why the christian fiction section of your store is the work of the devil

i have had this conversation with a couple friends and fellow book junkies. they were trying to argue the merits of christian fiction with me. i explained why the christian fiction section of the store – including separate bookstores – are completely and totally evil.

as consumers, we vote with our dollars. retail buyers notice trends, and order accordingly. editors select books according to both retail buyers and readers’ dollars. agents select according to editors buying trends, retail buyers and readers’ dollars.

with me so far?

now, imagine if christian fiction had no separate section, and these books were mixed and mingled with regular romance, SF, litfic, mystery, and etcetera. every time a book is bought out of the SF section, it makes a small impact on retail buying decisions for that section. enough little purchases can travel up the chain to influence the kinds of books written and produced.

when you, as a christian, choose to separate your buying power to your own separate section, you ghetto-ize yourself. you take your buying power out of the influence of the mainstream. all of the issues you care about, and all of the reasons you choose books, have now stopped influencing the buying decisions of retail buyers and editors and agents in the mainstream. with fewer influence from the moral crowd, the moral center of the section will change accordingly. books will get racier, sexier, and more violent. christian values will steadily and gently seep away from that section, as other influential buying groups (agnostics, liberals, gosh –queers–!) gently move the moral medium to new and exciting places.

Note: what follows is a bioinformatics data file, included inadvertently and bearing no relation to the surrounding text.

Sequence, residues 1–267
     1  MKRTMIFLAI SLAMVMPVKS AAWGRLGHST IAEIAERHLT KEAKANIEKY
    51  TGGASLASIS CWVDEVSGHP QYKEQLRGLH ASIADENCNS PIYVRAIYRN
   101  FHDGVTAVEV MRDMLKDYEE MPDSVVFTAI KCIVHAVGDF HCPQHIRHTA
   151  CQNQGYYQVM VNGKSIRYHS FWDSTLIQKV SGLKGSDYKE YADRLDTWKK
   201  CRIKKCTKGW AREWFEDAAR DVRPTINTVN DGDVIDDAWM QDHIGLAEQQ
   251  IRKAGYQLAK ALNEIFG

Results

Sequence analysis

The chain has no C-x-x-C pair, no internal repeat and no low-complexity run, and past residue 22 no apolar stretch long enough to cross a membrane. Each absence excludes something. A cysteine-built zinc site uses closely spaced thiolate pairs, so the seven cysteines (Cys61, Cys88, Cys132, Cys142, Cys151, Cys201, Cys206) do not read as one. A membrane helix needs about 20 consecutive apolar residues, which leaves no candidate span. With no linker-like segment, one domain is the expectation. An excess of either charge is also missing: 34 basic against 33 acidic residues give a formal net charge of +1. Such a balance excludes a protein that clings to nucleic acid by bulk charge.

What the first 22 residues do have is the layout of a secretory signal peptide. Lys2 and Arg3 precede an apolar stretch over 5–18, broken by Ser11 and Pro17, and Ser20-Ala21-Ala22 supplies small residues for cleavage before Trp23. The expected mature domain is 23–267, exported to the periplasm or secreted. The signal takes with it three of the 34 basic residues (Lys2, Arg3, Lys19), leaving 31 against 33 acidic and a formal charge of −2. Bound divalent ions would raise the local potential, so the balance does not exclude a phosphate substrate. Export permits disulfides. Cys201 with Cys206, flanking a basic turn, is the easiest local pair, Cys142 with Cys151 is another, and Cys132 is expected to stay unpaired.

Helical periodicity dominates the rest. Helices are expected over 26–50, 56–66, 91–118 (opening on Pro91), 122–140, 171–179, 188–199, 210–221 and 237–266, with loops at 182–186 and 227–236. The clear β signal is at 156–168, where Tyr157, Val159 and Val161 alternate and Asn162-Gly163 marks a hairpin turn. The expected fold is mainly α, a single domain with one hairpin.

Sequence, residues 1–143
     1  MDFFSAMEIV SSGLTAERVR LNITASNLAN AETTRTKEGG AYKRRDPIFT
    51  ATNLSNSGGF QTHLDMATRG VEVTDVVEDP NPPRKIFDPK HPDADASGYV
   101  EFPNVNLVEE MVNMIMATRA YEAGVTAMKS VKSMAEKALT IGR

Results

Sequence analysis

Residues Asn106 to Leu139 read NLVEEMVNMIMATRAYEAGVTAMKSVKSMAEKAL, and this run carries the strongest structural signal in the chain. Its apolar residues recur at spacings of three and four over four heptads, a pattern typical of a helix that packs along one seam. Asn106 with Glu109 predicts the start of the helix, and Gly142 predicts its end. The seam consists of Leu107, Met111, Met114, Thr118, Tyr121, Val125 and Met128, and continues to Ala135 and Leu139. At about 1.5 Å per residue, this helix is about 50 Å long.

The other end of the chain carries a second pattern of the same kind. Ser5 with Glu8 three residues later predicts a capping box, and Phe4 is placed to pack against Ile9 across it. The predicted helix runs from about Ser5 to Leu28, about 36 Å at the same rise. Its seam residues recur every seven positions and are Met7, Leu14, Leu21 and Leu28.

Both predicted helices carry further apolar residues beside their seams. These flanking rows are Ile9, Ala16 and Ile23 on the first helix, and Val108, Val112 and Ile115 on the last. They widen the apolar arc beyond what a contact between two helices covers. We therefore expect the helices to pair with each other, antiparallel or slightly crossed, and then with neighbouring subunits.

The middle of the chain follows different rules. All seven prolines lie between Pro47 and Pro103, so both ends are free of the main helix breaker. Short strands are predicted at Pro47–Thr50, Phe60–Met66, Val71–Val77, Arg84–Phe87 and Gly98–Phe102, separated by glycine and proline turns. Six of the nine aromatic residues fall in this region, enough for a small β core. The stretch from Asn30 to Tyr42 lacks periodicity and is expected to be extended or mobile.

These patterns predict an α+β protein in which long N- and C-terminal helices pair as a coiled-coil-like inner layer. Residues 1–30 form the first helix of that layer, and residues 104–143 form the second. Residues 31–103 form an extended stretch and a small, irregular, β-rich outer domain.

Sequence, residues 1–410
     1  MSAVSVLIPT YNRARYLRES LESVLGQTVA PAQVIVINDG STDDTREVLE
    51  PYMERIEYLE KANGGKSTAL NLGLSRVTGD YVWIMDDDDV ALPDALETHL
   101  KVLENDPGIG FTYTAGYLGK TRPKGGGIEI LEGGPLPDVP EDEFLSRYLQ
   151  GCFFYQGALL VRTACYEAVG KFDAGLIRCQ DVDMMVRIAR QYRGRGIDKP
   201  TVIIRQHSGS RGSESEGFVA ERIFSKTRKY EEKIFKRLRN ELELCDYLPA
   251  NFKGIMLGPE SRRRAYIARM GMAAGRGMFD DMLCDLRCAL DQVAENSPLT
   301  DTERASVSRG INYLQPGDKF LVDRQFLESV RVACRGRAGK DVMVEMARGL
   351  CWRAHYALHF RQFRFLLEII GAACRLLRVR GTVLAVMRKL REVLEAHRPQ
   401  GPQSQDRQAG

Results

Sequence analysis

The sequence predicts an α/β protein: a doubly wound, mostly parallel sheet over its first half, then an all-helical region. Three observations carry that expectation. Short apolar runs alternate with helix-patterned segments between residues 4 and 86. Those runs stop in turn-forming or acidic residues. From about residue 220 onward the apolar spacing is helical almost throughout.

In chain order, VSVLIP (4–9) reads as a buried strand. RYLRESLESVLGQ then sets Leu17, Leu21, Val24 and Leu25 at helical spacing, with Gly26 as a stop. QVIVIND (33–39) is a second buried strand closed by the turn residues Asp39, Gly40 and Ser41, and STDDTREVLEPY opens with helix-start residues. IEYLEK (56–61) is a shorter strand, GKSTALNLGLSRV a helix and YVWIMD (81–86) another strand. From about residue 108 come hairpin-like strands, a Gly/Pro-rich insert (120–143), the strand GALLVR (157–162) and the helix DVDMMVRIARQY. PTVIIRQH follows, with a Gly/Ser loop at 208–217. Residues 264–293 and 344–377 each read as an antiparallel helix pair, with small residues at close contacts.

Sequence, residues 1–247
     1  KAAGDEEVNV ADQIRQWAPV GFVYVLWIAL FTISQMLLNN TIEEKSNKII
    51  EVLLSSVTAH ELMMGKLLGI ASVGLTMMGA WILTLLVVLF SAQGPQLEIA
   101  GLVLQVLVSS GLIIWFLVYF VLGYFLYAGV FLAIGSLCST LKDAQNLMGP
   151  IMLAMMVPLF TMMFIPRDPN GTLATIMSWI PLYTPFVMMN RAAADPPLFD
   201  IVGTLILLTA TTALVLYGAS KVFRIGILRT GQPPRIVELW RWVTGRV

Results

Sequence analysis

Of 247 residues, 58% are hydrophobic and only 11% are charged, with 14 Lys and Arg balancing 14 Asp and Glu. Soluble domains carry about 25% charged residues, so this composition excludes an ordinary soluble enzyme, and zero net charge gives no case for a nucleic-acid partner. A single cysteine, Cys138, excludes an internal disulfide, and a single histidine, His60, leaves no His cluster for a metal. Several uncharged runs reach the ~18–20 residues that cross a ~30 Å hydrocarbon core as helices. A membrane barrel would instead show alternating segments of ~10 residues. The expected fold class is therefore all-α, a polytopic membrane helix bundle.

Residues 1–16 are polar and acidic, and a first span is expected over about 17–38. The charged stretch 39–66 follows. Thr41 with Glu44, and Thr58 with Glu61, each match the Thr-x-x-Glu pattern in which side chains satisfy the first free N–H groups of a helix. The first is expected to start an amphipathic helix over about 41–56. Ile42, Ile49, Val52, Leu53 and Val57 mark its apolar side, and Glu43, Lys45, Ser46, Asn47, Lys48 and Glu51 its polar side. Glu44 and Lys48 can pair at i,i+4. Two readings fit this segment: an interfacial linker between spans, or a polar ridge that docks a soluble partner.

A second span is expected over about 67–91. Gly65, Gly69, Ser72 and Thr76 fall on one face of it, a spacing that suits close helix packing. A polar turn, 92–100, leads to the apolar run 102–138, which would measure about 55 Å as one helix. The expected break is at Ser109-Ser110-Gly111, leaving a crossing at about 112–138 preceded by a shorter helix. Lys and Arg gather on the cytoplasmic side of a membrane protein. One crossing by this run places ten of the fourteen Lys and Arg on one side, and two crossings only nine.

by ghetto-izing yourself to – as one christian fiction enthusiast stated – “…protect yourself from ideas you don’t need in your head”, you end up hurting your cause with your dollar votes.

the separate economy you’ve created for yourself will actually diminish your influence on the mainstream, and encourage all the evil ideas you despise to flourish.

thus, separating your buying power away from the mainstream is a deadly and dangerous thing, and the work of the devil.

Here’s a challenge for Christian Fiction enthusiasts. Go to a bookstore section not your own. Read the back of the book. Read an excerpt. By now, do you notice that you probably can judge whether or not this book will offend you or not?